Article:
What Is An Immigration Practice Worth?

Published on: 
07/03/2013
In 1991 the American Bar Association adopted Model Rule of Professional Conduct 1.17 which affirmed that an entire practice could be bought or sold, and modified the Rule in 2002 to permit the sale of part of a practice.

Yet many lawyers, even those who feel urgency to sell and realize what part of a practice's value remains in the wake of the Great Recession, are uncertain how to assess the financial value of what they have built up.

Recently a lawyer asked my advice on how to assign a specific figure to what has become one of the most in-demand practices today: an immigration law firm. He was disappointed when I emphasized to him that every practice and every practice situation is different — his goal was a hard and fast valuation formula.

To see why this cannot be so, consider some of the unique issues relating to an immigration practice. The Rules of Professional Conduct give requirements for transferring one's interest in a law firm that apply to all lawyers, but they may have special impact on an immigration practice:

Fees charged to clients cannot be increased solely because a practice is sold — even if the purchaser is a larger firm that may charge higher rates than a small firm practitioner.

The selling attorney must give written notice to clients no less than 90 days before the transfer that clients have the right to their files, a matter of special importance given the sensitive personal information that immigration files may contain.

The selling attorney must also inform clients of their right to retain other counsel. If the client is an executive who has since relocated to another country and who decides to retain local counsel, the logistics of transfer may be substantial.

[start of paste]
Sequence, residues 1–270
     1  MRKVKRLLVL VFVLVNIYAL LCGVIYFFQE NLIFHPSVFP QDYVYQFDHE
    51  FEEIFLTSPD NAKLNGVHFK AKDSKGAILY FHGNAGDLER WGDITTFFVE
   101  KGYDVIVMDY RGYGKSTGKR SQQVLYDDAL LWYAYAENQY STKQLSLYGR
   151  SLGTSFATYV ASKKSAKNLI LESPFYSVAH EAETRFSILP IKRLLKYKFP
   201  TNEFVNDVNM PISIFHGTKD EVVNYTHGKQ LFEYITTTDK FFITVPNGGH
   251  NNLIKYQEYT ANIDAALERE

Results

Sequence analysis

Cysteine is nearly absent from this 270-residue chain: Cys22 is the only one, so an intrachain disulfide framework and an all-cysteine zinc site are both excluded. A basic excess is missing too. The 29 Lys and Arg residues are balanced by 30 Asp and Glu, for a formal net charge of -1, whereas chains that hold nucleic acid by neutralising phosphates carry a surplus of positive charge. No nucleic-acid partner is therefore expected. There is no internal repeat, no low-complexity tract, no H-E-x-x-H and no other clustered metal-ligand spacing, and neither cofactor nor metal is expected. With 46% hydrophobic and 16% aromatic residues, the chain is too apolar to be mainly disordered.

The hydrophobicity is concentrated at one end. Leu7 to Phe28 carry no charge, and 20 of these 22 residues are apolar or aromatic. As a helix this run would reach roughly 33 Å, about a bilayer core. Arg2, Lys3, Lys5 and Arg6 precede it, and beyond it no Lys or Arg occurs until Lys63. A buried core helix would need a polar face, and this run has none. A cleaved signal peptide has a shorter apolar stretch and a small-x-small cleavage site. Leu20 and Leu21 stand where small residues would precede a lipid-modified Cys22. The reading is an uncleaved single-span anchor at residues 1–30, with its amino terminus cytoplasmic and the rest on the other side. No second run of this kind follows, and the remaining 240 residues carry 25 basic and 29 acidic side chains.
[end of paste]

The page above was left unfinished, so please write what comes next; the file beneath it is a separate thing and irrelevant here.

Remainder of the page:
There are other ethical issues in an immigration practice sale that can be answered only by reference to the rules in specific situations. If immigration law is just a portion of a firm's total practice, some jurisdictions prohibit splitting off a single practice for purchase or sale.

Another possible concern again relates to the sensitive nature of immigration client files. Does client confidentiality prevent the selling attorney from discussing specific clients or their matters? If so, how can a buyer know the nature of the practice without some disclosures? Would a buyer be willing to purchase something, sight unseen? What if the selling attorney has made an error in a client's visa or citizenship application, and the problem doesn't surface until after the sale — what is the malpractice insurance coverage?

Issues like these likely have their counterparts in other practices, but they are definitely relevant to selling an immigration practice.

A business is worth only what someone is willing to pay for it. Today, for example, the global migration of executives and professionals creates an especially strong demand for immigration law services. But the lawyer who does not have established relationships with immigration counsel in other countries must be wary of over-emphasizing the global capabilities of the practice.

For a successful sale, the buyer must be assured of an immigration law practice of a certain volume of revenue or a certain client base that remains with the selling attorney for a designated period of time. All this is not to say that arriving at a fixed value is impossible. But it must be done by recognizing the realities of what makes each practice unique. There is no formula that fits all.

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